In the mortgage industry, lenders often use a variety of different ratios when they are evaluating applications for mortgage loans. While this is not the only way that lenders evaluate applications, it is a standard part of the process. Ratios tell a lender a lot about a person's financial picture, and here are three important ratios commonly used by lenders when evaluating applications for mortgages.
The debt-to-income (DTI) ratio is a very important ratio to mortgage lenders, as this reveals how much of a person's income is promised away to debt payments. This ratio is important because it tells a lender how much money a person has left over after paying bills. The DTI ratio only uses standard debts in the equation, including housing expenses, car loans, credit card payments, and other types of loans, and it then compares the total amount to the total amount of income the person earns. Lenders look for a ratio that is under 36%.
Credit utilization rate
The second important ratio to understand is called a credit utilization rate. This rate tells a lender how much of your available credit, in terms of credit cards, you are currently using. For example, if you have $100,000 of credit on all your credit cards combined but owe $40,000 on them, your credit utilization rate would be 40%. This is a very high percent, and lenders typically want it a lot lower than this. The actual rate that lenders are looking for varies, but you should aim to have a rate of no more than 10%.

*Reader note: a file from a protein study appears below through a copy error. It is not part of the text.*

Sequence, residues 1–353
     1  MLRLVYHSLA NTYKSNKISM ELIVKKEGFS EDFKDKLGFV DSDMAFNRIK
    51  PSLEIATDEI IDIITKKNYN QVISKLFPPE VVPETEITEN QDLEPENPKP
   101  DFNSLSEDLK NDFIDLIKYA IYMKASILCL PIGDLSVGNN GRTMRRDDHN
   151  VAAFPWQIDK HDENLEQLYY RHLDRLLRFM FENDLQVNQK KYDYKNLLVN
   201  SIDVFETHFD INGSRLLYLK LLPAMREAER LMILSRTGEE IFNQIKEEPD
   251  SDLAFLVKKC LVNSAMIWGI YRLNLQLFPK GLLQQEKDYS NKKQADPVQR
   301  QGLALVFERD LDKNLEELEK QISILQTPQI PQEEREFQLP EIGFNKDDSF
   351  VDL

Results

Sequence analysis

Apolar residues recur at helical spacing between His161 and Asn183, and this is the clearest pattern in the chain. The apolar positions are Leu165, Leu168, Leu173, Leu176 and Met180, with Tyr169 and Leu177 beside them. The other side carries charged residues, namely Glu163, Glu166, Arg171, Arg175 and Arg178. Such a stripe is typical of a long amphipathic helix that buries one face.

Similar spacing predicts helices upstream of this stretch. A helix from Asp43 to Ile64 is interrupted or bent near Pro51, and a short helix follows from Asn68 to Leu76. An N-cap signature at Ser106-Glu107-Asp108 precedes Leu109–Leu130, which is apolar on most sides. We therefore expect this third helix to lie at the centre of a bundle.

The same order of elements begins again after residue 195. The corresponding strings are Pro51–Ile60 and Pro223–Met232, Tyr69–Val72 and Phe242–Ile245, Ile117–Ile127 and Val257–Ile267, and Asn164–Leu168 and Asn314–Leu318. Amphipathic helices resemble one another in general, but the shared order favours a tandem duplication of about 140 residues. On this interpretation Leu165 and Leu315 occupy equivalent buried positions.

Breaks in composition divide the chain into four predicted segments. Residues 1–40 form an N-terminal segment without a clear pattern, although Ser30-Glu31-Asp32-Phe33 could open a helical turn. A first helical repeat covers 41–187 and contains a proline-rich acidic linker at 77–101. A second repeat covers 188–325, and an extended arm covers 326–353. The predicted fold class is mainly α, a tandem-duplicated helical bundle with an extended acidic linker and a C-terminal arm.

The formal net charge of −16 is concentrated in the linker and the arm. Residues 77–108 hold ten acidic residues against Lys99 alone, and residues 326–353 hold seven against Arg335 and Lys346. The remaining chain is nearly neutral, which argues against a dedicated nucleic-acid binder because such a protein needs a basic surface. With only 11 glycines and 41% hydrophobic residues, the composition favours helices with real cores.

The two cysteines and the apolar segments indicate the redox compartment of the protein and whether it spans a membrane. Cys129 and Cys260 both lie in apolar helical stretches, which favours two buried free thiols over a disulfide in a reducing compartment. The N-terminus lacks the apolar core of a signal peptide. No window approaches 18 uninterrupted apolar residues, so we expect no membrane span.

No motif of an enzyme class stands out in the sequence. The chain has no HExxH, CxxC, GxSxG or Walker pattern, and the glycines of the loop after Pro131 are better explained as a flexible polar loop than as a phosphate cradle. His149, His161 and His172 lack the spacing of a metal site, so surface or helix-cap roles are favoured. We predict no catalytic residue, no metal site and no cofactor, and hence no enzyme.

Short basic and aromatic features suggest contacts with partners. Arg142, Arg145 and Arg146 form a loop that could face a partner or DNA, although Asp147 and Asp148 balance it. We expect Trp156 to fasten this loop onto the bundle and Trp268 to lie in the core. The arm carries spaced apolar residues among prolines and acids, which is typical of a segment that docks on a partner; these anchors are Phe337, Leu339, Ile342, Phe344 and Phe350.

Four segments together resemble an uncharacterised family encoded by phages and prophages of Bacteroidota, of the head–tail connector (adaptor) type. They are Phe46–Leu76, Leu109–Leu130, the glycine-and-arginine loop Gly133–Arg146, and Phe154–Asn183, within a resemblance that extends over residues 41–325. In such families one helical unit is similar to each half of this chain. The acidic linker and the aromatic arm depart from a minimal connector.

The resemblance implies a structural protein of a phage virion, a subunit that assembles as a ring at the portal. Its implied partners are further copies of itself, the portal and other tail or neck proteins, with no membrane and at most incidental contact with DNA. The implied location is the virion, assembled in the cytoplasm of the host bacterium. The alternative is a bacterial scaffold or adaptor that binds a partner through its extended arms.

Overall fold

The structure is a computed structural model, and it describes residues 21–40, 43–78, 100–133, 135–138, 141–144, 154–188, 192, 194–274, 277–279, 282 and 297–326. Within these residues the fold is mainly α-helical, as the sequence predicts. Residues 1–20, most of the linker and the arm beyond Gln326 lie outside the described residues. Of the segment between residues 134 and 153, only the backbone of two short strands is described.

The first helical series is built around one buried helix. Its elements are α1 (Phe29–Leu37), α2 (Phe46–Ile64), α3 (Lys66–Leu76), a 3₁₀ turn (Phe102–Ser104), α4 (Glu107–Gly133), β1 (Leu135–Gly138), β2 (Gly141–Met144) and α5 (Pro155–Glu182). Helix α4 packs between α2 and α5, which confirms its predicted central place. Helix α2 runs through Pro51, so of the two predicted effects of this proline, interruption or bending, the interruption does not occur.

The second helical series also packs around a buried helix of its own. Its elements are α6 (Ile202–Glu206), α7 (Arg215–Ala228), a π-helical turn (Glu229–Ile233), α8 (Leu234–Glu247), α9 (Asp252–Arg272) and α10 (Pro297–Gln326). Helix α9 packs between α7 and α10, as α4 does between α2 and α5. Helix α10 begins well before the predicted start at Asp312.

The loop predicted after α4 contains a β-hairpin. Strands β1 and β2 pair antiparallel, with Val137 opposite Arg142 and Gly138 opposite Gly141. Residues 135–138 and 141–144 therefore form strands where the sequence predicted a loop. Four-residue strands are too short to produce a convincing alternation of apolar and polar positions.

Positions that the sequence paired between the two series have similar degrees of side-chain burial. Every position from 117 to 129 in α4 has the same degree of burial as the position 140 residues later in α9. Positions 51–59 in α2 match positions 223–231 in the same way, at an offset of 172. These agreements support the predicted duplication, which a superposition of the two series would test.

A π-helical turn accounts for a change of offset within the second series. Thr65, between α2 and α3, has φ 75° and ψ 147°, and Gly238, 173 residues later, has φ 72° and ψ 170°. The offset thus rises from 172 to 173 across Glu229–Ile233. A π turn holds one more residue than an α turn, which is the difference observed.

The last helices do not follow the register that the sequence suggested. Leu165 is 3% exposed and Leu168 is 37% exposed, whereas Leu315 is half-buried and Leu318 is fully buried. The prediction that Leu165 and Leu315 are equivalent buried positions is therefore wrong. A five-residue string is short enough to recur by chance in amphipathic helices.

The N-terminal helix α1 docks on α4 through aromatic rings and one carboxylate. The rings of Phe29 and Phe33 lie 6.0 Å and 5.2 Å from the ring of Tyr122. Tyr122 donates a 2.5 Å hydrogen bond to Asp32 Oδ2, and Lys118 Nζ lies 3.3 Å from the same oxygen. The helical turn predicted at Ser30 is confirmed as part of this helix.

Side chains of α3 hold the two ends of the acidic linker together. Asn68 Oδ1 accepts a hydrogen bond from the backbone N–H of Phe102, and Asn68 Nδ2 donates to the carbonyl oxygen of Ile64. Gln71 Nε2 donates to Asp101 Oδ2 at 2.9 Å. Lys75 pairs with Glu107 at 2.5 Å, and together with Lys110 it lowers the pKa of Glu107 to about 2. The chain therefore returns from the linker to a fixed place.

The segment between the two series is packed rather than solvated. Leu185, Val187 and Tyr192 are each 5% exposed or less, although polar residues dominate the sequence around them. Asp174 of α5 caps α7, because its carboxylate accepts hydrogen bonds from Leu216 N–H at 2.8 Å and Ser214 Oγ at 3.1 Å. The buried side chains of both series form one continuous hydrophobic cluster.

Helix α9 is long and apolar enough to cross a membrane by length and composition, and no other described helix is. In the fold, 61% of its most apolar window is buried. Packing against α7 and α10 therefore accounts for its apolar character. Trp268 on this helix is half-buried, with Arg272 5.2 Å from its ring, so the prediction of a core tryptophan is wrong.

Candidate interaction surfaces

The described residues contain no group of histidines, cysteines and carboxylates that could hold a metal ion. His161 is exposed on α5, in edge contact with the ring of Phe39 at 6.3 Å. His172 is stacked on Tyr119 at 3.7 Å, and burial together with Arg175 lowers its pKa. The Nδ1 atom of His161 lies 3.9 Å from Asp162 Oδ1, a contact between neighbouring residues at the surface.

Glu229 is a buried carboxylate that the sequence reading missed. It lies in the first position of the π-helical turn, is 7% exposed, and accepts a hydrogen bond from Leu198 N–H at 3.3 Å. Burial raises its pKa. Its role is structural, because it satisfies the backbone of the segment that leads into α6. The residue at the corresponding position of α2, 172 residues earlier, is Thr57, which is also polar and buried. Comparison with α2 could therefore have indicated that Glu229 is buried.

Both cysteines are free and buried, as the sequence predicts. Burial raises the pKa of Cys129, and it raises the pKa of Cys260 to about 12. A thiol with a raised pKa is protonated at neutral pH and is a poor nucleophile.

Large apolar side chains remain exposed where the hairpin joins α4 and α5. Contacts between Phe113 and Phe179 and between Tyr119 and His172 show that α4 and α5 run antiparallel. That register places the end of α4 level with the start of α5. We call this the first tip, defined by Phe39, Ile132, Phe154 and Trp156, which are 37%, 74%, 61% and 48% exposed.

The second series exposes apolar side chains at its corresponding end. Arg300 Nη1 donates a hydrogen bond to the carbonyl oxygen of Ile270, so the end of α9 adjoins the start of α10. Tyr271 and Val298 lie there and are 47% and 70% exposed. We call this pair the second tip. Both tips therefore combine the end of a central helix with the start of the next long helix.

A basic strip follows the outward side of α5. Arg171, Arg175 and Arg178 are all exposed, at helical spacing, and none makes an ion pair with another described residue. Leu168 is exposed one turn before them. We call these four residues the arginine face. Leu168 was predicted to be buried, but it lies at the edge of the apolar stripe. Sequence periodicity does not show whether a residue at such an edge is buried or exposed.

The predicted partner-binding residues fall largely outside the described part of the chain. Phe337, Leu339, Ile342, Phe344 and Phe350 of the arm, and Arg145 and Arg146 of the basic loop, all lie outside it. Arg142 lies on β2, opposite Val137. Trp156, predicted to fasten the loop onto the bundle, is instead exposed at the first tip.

Housing expense ratio
The typical ratio for housing expense is around 28%, however, some lenders may allow for this to be slightly higher. This ratio is often used with the DTI ratio, but it represents only the housing expenses a person has compared to the person's income. To find out the housing expense a person has, you would have to add up the mortgage payment, insurance costs, and property taxes. You would then compare this to the monthly income of the person. This ratio is often how lenders determine how much money a person can borrow when buying a house.
If you want to know if you qualify for a loan, you may want to work out these ratios at home before contacting a lender. If your ratios appear to be within the standards of mortgage lenders, you may want to go ahead and contact a company that offers mortgage services.
How many times have you put off making repairs around your home because you didn't have the money to make them immediately? Have those decisions caused even more repair bills because you waited to make the repairs? I have done this several times in the past, and, oftentimes, not making those repairs have cost me far more to complete because the damage spread. The whole reason I created my blog was to help others find the financing they need to make home repairs without worrying about choosing the wrong type of financing option. Hopefully, my hard-learned lessons will help you avoid the same struggles that I have undergone.